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DOJ Backs Down, Approves Virginia Voter ID Law

DOJ Backs Down, Approves Virginia Voter ID Law

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The Department of Justice decided not to challenge Virginia’s voter ID law Monday, approving the law signed by Gov. Bob McDonnell. 

According to the liberal “Talking Points Memo,” the bill allows voters to “show a wide range of types of identification to cast a ballot.”

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Virginia is one of 16 states covered by the Section 5 pre-clearance provision of the Voting Rights Act, which means any changes to its election laws must be pre-cleared by the Justice Department.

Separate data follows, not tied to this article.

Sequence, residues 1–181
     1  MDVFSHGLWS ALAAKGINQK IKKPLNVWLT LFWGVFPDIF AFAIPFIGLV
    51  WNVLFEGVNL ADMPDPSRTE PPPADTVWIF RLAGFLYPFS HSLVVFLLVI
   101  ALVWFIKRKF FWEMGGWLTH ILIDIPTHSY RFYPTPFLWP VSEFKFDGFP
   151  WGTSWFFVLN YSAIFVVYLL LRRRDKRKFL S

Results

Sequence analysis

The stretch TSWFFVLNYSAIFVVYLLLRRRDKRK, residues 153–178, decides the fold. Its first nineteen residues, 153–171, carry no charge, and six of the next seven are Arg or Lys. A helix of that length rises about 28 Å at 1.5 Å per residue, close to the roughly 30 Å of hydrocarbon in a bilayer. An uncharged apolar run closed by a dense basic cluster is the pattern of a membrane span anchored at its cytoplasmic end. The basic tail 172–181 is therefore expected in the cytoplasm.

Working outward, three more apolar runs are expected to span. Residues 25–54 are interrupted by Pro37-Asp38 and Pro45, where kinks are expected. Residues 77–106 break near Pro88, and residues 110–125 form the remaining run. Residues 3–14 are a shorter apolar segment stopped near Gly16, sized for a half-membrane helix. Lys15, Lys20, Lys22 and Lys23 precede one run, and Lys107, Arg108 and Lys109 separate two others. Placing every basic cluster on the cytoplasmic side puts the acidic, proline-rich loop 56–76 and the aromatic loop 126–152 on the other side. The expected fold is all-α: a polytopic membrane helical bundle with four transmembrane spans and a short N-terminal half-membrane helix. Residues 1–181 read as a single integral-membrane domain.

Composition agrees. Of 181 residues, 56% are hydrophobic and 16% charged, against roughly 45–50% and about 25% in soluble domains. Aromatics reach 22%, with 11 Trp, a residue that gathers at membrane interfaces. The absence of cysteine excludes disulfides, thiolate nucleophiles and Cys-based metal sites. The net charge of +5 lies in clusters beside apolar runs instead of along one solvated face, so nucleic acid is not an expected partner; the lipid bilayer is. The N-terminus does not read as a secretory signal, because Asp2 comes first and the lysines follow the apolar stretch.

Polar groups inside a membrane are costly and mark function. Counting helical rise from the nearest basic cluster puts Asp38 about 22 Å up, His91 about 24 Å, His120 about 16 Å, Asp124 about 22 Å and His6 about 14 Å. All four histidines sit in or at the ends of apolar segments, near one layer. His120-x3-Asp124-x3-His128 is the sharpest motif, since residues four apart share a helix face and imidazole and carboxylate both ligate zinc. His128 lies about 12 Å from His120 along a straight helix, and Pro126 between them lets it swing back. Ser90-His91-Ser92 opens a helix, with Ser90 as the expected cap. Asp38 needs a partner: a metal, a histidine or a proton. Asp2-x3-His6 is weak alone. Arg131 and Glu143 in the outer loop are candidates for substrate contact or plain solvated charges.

Unlike laws in other states like South Carolina, Virginia’s law is a “strict non-photo identification law,” which means Social Security cards, which can already by used in Virginia to vote, in addition to paychecks, utility bills, student IDs, or bank statements can be used as forms of identification at the polls. A concealed handgun permit is also allowed as form of identification to vote under the new law. 

For those who come to the polls without identification in Virginia, the new law would require them to vote provisionally and later present an approved form of identification to their local registrar through e-mail fax, regular mail, or hand delivery. 

McDonnell (R) said “it is welcome news” that the Justice Department approved Virginia’s voter ID law and promptly issued an executive order directing Virginia’a State Board of Elections to send every Virginia voter a valid voter card before election day. 

“Protecting against voter fraud and making sure our elections are secure are critical for confidence in our democracy,” McDonnell said in a statement. “The legislation I signed into law is a practical and reasonable step to make our elections more secure while also ensuring access to the ballot box for all qualified voters.” 


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